‘It is pointless trying to
pin him down. “I don’t
describe myself”, he says’
Rainbow Station at Amsterdam Central uses a liquid crystal filter
to create a transient effect at dusk
to pin him down as to which discipline he owns to.
‘I don’t describe myself,’ he says.
Rainbow Station is among several other permanent
installations. A 45m x 25m spectrum at Amsterdam
Central Station, it uses a liquid crystal filter developed
by Leiden University for research on exoplanets. The
effect is briefly visible an hour after sunset.
His 2012-2015 Smart Highway and Van Gogh Cycle
Path, collaborations with Heijmans Infrastructure,
used smart coatings, energy harvesting and sensors to
create interactive roadways. Glowing Lines along the
Smart Highway are charged during the daytime and
glow at night for eight hours, while dynamic paint and
glinting stones in the cycle path in Nuenen recall Van
Gogh’s swirling Starry Night.
The 100m-long lenticular work Beyond, at Schiphol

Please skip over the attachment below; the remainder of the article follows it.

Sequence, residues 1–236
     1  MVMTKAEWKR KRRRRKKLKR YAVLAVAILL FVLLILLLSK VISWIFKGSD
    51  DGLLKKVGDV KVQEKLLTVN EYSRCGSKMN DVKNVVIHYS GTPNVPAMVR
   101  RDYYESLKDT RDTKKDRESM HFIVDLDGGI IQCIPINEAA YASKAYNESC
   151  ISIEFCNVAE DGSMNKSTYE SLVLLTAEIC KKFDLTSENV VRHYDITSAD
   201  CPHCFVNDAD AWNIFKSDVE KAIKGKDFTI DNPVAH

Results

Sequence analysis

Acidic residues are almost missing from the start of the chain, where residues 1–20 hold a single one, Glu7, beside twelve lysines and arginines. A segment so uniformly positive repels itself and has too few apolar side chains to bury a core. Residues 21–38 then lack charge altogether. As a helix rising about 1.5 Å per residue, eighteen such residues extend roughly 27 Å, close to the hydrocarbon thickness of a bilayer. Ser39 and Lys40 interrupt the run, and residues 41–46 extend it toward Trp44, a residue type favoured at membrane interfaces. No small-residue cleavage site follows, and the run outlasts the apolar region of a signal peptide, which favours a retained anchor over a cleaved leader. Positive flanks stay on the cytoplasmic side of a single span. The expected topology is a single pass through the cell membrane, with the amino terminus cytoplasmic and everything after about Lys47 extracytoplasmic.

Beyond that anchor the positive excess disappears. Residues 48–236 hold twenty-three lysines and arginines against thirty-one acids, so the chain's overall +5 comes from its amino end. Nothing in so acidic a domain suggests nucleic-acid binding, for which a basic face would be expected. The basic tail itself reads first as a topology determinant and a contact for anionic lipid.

Airport, depicts clouds in a reference to the work of
17th-century Golden Age landscape artists such as
Salomon Ruysdael, while Roosegaarde’s Windlicht
project, which linked spinning wind turbines with
green lines of laser light, evoke Kinderdijk, the Unesco
World Heritage site where 19 windmills from the
1740s pumped water to prevent floods.
While the Dutch have a nostalgic, nationalistic
connection to their windmills, they are often reluctant
to see turbines near their homes or in the landscape,
an irony that is not lost on Roosegaarde. ‘Innovation
is a natural part of the DNA of the Dutch landscape
through its dikes and creative thinking, yet we almost
seem to have forgotten this,’ he says. But there has
always been a ‘certain madness’ about the Dutch
relationship with the land, the water, the wind and the
light. Centuries ago, ‘we could all have just moved to
Germany, but we stayed and used technology.’